Financial IT workers implement leading-edge technology to complement the business

Over the coming months Computer Weekly will profile the IT departments that have made it on to our shortlist of the Best Places...

Over the coming months Computer Weekly will profile the IT departments that have made it on to our shortlist of the Best Places to Work in IT 2003. Through feedback from IT managers and their staff, our aim is to celebrate the best employers of IT professionals and highlight employment best-practice for other IT departments to follow. This week we profile financial services organisations

Friends Provident

Number of IT staff: 440
Annual staff turnover: 8.9%
IT training budget per head: £2,800
Amount of new development work: 50%
Annual holiday: 20-26 days

What impressed the judges?
Financial services group Friends Provident is a member of the FTSE 100 group of top companies on the Stock Exchange. It sees its use of technology as a key differentiator to attract customers in a very competitive market.

It has always been keen to be at the leading edge when applying technology to business problems. Perhaps the greatest accolade was winning the 2000 BCS prize for the use of IT in delivering an internet system to support stakeholder pensions. 

The group moves forward on the technology front with its soon to be released web-based system for independent financial advisers to submit e-proposals. It will include online underwriting and document production at the financial advisers’ offices.

One IT team member said, “Our role is to develop technology as an enabler for others. These include a move to Exchange from our old Memo system, replacement of Smartsuite with MS Office, an internal time recording and cost apportioning system and various development toolkits.”

It is certainly not a case of technology for its own sake. “There is a belief in the importance of our work – not a blind belief in technology, but in the ability of the department to use it to deliver systems Friends Provident requires to reach its business goals,” she said.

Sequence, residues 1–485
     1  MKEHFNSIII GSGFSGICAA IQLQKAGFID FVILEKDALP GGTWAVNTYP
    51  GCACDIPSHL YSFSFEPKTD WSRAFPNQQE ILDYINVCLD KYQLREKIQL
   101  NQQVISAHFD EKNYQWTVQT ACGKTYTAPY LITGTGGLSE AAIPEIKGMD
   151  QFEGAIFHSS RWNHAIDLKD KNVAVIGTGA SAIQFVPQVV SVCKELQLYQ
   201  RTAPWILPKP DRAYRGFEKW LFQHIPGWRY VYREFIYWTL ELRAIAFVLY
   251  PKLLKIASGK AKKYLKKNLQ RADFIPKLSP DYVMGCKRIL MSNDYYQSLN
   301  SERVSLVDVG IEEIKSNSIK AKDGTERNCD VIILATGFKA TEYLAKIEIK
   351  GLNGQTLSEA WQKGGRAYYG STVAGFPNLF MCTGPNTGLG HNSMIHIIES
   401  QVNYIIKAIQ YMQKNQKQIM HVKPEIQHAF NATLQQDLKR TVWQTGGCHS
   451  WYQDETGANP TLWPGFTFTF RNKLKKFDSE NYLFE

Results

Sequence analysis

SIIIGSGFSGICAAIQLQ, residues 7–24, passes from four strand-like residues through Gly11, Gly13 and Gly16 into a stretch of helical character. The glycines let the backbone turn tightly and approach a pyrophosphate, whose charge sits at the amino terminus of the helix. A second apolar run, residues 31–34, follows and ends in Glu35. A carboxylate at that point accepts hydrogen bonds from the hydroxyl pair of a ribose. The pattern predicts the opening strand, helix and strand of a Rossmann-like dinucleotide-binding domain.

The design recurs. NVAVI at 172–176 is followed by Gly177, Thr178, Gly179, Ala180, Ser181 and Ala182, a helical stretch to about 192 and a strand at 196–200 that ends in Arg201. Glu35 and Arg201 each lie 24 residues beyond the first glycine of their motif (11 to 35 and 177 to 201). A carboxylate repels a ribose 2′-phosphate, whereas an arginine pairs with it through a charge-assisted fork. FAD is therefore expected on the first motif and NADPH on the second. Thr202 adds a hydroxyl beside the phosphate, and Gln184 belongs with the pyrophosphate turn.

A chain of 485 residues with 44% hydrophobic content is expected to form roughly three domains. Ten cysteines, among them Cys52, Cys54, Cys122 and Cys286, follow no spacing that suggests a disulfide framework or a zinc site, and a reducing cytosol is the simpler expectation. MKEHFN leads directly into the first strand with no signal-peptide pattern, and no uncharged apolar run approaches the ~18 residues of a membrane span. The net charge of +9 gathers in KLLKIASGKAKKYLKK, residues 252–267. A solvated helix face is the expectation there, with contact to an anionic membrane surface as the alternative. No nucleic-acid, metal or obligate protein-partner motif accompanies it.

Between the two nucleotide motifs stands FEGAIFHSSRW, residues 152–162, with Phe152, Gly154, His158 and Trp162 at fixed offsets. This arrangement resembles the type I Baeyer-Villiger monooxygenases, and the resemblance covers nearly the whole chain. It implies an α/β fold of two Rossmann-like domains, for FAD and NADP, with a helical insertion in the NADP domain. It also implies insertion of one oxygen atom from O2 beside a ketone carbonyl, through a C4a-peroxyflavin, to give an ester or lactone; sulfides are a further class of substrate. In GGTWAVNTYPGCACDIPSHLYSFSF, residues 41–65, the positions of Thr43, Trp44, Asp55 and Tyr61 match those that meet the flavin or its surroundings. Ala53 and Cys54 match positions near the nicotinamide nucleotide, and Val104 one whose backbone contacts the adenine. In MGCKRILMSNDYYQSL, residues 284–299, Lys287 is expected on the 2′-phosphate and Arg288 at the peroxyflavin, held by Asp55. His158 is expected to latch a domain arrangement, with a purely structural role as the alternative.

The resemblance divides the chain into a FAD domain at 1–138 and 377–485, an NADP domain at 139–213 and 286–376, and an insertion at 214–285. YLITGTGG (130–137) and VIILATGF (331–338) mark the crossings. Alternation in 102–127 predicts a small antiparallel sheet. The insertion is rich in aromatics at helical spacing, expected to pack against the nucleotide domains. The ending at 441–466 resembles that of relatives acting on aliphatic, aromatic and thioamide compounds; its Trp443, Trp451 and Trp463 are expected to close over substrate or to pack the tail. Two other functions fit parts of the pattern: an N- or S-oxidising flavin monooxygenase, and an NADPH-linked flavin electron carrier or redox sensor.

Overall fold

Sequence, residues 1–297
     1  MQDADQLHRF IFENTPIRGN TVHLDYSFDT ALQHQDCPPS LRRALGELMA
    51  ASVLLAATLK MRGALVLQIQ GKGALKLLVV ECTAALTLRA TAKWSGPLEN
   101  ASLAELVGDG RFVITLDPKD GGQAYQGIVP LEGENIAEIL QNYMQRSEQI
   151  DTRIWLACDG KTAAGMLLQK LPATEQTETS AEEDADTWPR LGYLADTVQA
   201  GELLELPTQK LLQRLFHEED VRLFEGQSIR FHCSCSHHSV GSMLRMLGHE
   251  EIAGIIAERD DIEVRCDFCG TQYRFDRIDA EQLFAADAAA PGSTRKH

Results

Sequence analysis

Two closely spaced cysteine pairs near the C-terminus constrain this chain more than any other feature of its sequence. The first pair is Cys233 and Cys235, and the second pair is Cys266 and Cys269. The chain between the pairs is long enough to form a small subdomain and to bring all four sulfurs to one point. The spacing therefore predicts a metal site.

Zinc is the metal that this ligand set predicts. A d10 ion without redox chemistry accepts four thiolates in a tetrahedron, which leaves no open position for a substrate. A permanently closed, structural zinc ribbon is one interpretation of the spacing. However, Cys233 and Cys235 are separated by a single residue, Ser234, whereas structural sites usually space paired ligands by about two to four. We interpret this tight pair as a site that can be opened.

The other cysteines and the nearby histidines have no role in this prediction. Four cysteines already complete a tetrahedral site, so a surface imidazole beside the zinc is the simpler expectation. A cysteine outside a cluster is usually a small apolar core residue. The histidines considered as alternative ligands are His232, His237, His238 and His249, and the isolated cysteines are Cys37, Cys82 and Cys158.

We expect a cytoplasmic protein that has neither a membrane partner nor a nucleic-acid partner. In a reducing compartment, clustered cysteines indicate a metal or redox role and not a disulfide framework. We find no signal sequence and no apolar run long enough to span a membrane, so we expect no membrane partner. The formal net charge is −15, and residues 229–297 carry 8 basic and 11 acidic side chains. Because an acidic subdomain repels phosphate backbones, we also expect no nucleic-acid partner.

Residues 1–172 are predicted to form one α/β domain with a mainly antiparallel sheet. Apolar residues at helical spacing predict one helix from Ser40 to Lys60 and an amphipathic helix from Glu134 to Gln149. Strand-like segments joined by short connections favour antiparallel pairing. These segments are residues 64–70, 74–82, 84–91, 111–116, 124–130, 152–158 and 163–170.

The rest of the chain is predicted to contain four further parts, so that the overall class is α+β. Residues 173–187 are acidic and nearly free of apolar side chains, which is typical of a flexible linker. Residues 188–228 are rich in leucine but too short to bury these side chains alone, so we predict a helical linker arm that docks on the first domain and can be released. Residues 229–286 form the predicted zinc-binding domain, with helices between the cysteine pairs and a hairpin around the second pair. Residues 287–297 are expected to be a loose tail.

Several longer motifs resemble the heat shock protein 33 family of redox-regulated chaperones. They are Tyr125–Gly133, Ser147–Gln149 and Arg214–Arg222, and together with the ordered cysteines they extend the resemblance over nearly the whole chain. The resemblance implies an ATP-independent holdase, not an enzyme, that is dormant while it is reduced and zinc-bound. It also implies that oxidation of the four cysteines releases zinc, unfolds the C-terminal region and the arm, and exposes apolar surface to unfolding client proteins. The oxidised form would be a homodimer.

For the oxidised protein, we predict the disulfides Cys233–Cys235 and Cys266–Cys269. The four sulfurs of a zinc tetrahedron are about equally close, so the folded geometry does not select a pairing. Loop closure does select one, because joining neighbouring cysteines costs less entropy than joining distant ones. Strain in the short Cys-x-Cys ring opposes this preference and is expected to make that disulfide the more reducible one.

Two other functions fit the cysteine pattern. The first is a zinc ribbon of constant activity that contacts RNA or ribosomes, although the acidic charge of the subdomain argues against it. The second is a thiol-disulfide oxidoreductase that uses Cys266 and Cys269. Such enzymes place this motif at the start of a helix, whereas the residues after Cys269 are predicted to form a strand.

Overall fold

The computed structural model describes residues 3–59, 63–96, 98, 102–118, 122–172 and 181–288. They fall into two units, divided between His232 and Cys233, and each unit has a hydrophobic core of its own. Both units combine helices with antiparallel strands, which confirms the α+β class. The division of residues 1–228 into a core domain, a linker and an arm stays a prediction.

Accordingly, there is an emphasis on helping individuals do their best through appraisals, objective setting and reviews. “People are encouraged to ‘have a go’ and managers look for opportunities for people to learn. There is active performance management and people are rewarded for their contribution,” she added.

Another IT staff member sees this as reflecting the values of the whole group. “Our company really believes in its staff and encourages them to act on the corporate values which are: every customer counts; integrity in all we do; co-operate to achieve; take personal responsibility; value people; and deal fairly,” he said.

“Because of these factors, I have stayed in the Friends Provident IT department for more than 20 years, and many of the people I work with are my best friends.

“Also, our onsite facilities [sports and social club] and flexitime make it very easy to socialise and become good friends with colleagues.”

However, the encouragement of excellence does not mean everyone is expected to be perfect all the time. “Mistakes will always happen, but the view within the department is that rather than blame somebody, we should look at mistakes and learn from them,” said a team member.